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Tutorials Program - SIGMETRICS 2001 / Performance 2001

An Introduction to Control Theory and Its Application to Computer Science

Authors
Joe Hellerstein <hellers@us.ibm.com> and Sujay Parekh <sujay@us.ibm.com>

Performance Management
IBM T.J. Watson Research Center
Hawthorne, New York
 

Abstract
Dynamic management of resources is essential to building high performance systems. Often, these dynamics involve feedback loops that are difficult to design and analyze. It turns out, however, that other engineering disciplines (e.g., mechanical and electrical engineering) have good approaches for dealing with analogous problems in their field. For the most part, these approaches are based on control theory.

This tutorial provides an introduction to classical control theory (linear, deterministic, time invariant) and presents two applications to computer science. We begin with a review of continuous time, linear system theory. Included here is (a) use of the Laplace transform to describe time domain functions, (b) the final value theorem, (c) modeling with block diagrams, (d) transient response analysis, and (e) conditions for stability and oscillatory response. This material is presented in the context of a single class fluid flow model. Considered next are the basic control actions: proportional, integral, and differential control. The characteristics of these controllers are analyzed in terms of linear system theory to identify issues of stability, bias, and settling time. Root locus analysis is discussed as well. We then address control in discrete time and related issues (e.g., sampling times). We also consider system identification (determining the model for the system being controlled). An extensive example is presented of a controller for an email server. We show that root locus analysis correctly predicts where controller-induced oscillations occur. The tutorial concludes by touching on a number of topics of use in applyikng control theory to computer science. Included here are: frequency response techniques, state space (multiple input, multiple output) models, and nonlinear control.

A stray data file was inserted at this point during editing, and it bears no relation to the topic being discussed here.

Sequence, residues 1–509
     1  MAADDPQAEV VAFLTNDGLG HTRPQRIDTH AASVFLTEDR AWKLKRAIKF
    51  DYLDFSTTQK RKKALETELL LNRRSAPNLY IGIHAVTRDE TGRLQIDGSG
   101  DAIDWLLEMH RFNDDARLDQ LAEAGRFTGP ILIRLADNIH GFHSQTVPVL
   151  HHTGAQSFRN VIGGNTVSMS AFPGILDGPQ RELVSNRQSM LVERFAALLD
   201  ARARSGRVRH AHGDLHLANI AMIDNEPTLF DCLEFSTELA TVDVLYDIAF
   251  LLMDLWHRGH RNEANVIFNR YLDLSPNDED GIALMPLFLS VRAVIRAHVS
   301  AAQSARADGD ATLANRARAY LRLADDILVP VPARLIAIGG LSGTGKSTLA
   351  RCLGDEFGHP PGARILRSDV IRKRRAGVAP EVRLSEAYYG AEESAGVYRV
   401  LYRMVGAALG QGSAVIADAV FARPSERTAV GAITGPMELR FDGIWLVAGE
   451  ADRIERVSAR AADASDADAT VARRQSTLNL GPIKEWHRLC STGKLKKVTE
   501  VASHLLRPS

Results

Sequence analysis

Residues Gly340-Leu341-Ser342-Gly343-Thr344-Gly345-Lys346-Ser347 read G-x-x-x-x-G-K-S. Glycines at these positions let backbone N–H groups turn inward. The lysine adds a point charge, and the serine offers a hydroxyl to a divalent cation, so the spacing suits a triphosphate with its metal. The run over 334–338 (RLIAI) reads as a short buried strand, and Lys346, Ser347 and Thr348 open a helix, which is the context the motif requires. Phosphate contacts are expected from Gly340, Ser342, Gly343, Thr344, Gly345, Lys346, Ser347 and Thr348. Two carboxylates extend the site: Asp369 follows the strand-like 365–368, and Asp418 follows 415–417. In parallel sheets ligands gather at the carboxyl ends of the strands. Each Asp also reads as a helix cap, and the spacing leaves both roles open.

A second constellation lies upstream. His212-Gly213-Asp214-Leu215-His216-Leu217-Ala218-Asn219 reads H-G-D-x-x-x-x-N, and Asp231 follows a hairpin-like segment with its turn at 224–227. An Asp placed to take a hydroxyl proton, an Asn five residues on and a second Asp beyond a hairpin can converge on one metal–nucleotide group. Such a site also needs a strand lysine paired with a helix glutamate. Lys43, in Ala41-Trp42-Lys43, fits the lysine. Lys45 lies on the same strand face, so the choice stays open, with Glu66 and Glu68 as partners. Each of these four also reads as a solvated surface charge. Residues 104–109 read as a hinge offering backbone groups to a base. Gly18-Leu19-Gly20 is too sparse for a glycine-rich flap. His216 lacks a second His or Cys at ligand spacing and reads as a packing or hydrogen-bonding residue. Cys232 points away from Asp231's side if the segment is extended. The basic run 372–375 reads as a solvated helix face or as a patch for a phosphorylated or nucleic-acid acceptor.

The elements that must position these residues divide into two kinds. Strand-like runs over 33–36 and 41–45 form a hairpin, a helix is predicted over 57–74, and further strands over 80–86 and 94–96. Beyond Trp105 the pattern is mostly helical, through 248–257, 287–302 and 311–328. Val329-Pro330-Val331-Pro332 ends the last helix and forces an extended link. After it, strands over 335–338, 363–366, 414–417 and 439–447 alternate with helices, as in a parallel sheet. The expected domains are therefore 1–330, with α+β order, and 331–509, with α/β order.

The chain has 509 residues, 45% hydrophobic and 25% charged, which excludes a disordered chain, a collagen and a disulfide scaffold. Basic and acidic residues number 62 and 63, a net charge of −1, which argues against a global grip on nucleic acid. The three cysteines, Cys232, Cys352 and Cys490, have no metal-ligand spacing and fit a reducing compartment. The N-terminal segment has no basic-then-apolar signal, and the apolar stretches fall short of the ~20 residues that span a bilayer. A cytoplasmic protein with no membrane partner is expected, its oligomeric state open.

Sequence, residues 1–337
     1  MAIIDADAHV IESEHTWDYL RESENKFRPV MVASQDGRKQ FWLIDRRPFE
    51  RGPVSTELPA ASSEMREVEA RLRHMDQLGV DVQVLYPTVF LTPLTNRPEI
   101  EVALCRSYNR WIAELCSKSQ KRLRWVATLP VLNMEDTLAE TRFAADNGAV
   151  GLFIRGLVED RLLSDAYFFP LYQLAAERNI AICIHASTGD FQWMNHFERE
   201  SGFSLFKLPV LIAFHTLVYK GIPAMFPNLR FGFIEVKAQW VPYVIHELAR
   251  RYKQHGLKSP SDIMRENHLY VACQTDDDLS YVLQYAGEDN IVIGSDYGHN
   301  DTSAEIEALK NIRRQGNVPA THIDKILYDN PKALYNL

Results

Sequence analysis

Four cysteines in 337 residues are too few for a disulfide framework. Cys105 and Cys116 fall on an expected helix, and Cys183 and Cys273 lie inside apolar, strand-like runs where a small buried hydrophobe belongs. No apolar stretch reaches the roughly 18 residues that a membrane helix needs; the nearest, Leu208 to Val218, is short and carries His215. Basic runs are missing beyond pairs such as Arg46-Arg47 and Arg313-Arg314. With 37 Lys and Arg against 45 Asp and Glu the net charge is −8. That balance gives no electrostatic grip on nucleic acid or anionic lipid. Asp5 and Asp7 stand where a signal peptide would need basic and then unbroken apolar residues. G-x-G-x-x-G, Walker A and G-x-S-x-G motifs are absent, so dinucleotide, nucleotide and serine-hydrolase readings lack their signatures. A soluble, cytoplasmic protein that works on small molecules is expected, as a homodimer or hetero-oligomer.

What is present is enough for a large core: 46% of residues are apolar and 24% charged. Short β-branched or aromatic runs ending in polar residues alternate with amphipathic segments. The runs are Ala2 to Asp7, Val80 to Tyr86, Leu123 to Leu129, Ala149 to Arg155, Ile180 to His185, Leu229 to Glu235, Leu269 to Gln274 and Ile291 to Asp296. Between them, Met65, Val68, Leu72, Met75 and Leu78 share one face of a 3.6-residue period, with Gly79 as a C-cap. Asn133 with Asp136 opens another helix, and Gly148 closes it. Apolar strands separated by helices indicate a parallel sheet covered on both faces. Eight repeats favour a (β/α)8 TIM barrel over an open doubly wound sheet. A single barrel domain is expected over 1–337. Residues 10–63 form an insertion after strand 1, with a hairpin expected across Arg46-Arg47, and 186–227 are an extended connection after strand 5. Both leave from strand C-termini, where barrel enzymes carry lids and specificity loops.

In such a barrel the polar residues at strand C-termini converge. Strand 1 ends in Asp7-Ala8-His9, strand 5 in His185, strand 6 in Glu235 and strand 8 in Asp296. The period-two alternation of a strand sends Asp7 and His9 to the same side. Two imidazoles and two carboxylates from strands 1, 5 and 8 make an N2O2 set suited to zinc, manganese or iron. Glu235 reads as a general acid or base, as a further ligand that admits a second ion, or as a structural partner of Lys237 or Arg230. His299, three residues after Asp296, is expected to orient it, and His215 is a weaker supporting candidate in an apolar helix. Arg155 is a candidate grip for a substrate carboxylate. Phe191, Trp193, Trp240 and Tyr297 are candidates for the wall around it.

Biographies
Joseph L. Hellerstein <hellers@us.ibm.com>

Joseph L Hellerstein is a research staff member at the IBM Thomas J Watson Research Center where he manages the systems management research department. Dr. Hellerstein received his PhD from the University of California in Los Angeles. Since then his research has addressed various aspects of managing service levels, including: predictive detection, automated diagnosis, expert systems, and the application of control theory to resource management. Dr. Hellerstein has published approximately 50 papers and an Addison-Wesley book on expert systems.

Sujay Parekh <sujay@us.ibm.com>

Sujay Parekh received his B.S. degree in Computer Science from Cornell University in 1993, and his M.S. from University of Washington in 1996. From 1993 to 1994, he was a member of the Technical Staff at Oracle Corporation. He is currently a Research Associate at the IBM T.J. Watson Research Center while also working on his PhD at University of Washington. His research interests include adaptive algorithms, systems management and artificial intelligence.
 


[Last updated Wed Jan 3 2001]